March 2, 1987 By the President of the United States
For a century, we Americans and people around the world have benefitted tremendously from the agricultural research and training provided by our national system of agricultural experiment stations at our State land-grant colleges. This system was initiated by the Hatch Act, which President Grover Cleveland signed into law on March 2, 1887. In celebrating the Centennial of this legislation, we pay much-deserved tribute to our agricultural researchers of the present and to the generations of dedicated scientists who preceded them in this essential work.
Americans promoted agricultural education from the start. Private societies achieved much progress, and farmers, stimulated by nearly limitless opportunity, eagerly took advantage of new scientific knowledge. Public support for agricultural research grew because the results were so obviously beneficial. In the early and mid-19th century, specialized schools of agriculture appeared. The United States Department of Agriculture was founded in 1862; one of its missions was to acquire and diffuse agricultural information. The Morrill Act, which President Abraham Lincoln signed into law in 1862, provided for the creation of land-grant agricultural colleges in most States.
Despite these welcome developments, a generation later much remained to be done. It was then that William Henry Hatch, a Congressman from Missouri, proposed agricultural experiment stations for research and training. Today we know that the adoption of the Hatch Act of 1887 was one of the most significant steps ever taken in American agriculture.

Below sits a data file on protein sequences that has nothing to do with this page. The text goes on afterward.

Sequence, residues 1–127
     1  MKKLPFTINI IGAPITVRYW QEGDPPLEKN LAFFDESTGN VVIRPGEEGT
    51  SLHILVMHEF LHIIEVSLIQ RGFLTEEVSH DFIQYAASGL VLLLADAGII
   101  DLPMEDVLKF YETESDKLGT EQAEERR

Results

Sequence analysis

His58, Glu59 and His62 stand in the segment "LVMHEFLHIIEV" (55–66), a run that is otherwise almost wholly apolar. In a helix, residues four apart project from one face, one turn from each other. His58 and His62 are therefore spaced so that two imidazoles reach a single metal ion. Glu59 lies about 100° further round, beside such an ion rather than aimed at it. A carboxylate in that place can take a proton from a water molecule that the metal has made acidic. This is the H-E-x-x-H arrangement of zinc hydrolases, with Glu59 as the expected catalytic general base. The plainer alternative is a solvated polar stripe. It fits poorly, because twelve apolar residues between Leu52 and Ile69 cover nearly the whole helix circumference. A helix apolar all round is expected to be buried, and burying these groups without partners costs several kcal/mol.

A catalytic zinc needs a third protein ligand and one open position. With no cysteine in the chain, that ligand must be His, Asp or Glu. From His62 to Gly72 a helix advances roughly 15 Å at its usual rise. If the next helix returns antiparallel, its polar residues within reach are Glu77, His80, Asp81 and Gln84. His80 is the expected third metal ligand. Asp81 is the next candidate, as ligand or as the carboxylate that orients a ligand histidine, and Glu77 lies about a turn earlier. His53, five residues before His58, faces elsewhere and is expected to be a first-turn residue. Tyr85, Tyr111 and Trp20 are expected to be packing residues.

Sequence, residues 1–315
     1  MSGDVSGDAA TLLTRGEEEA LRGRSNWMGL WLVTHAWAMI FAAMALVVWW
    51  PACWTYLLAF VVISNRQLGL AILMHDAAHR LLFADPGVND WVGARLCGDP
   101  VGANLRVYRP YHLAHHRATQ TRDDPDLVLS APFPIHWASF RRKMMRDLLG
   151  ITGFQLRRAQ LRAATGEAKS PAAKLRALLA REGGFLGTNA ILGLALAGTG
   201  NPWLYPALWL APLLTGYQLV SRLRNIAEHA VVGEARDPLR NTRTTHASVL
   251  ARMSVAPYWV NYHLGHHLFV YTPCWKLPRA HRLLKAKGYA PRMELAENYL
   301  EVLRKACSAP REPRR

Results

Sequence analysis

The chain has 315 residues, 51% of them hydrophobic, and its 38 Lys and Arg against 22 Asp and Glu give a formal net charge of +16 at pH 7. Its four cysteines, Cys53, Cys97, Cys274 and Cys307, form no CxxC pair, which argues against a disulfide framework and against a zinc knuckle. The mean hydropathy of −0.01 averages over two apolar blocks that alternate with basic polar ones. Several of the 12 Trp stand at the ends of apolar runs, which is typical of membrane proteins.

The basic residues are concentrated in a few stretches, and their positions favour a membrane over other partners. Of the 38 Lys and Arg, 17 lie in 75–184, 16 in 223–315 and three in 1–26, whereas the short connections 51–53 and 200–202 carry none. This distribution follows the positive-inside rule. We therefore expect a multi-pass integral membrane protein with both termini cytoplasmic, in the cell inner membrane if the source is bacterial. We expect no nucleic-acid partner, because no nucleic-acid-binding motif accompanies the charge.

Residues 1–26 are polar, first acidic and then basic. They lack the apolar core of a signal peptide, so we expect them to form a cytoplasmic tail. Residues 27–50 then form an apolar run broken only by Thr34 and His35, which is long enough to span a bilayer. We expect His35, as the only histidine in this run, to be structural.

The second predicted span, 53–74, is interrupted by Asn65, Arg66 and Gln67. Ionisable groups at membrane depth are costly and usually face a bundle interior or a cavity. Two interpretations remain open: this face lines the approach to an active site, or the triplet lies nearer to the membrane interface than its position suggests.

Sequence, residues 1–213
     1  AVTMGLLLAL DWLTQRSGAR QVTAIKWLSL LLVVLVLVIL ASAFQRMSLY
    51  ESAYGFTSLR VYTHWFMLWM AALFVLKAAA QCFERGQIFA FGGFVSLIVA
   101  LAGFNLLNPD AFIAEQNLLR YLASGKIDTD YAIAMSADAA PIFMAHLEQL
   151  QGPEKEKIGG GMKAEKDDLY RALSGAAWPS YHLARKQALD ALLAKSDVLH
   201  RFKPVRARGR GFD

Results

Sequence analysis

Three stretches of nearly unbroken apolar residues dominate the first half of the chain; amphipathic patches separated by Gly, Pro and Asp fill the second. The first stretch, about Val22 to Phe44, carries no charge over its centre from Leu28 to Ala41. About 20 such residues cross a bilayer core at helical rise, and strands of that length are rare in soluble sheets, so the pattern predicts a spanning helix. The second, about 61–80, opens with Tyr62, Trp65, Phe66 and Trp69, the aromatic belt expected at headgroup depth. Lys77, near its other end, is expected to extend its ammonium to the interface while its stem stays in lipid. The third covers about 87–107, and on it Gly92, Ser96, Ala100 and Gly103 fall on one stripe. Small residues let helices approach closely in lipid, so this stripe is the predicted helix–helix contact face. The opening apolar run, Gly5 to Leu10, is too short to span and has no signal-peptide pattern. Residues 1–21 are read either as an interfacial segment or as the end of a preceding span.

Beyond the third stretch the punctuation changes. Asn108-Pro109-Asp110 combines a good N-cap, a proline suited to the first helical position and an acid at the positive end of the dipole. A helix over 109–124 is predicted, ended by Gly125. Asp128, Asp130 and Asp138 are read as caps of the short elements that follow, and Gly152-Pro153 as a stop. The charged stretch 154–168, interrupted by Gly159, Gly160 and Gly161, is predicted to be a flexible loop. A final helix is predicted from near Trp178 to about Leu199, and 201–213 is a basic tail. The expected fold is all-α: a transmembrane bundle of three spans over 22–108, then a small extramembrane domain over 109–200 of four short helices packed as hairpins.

It is no exaggeration to say that the wealth of technical knowledge developed at these stations has enabled America's farmers to revolutionize the practice of agriculture and bettered life for millions of people the world over. The existence of these institutions and the abilities of the scientists trained there ensure that future generations will continue to enjoy the benefits of agricultural research.
In recognition of the vital role of State agricultural experiment stations in American agriculture, the Congress, by House Joint Resolution 3, has designated March 2, 1987, as the Centennial of the signing of the Hatch Act of 1887 and authorized and requested the President to issue a proclamation in observance of this event.
Now, Therefore, I, Ronald Reagan, President of the United States of America, do hereby proclaim March 2, 1987, as the Centennial of the signing of the Hatch Act of 1887, and I call upon the people of the United States to observe this day with appropriate ceremonies and activities.
In Witness Whereof, I have hereunto set my hand this second day of March, in the year of our Lord nineteen hundred and eighty-seven, and of the Independence of the United States of America the two hundred and eleventh.
[Filed with the Office of the Federal Register, 12:26 p.m., March 3, 1987]